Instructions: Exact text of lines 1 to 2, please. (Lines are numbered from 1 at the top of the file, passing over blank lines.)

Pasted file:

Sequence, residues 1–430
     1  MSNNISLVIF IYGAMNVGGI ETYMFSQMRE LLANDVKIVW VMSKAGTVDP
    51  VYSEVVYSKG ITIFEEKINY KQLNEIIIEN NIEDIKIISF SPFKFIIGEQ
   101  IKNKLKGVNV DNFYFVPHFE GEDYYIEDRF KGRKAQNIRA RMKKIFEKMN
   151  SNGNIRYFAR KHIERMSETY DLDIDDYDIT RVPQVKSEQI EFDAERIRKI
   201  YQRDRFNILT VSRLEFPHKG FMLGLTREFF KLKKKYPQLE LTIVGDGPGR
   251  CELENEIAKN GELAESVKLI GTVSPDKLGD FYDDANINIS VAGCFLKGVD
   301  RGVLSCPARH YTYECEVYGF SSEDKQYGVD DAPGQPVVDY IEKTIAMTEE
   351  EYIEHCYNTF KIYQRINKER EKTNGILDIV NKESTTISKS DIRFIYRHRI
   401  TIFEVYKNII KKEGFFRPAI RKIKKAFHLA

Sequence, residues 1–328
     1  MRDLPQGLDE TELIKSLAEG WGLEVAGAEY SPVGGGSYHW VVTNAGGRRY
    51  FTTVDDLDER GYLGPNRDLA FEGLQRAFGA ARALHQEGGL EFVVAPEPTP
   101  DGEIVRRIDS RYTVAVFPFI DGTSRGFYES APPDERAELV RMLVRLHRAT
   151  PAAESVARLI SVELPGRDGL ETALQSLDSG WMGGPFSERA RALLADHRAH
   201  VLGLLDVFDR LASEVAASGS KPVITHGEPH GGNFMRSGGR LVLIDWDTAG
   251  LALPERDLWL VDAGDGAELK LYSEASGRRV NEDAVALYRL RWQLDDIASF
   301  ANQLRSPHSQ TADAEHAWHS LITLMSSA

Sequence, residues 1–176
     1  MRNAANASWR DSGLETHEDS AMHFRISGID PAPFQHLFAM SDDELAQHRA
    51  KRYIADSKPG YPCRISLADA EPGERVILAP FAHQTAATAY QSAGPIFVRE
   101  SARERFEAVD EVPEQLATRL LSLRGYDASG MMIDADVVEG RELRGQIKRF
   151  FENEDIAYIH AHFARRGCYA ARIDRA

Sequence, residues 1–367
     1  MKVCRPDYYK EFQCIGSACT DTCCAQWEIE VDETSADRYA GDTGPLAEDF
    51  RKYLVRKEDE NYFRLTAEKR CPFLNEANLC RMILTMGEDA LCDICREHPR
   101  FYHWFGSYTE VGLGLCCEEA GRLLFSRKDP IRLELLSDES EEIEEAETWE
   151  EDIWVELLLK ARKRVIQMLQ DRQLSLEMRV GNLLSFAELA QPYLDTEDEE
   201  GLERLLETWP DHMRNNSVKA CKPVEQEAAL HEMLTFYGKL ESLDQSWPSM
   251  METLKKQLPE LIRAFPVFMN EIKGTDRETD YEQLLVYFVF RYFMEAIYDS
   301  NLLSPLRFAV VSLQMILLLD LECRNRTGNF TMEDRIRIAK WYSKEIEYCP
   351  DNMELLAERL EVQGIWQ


Sequence, residues 1–430
     1  MSNNISLVIF IYGAMNVGGI ETYMFSQMRE LLANDVKIVW VMSKAGTVDP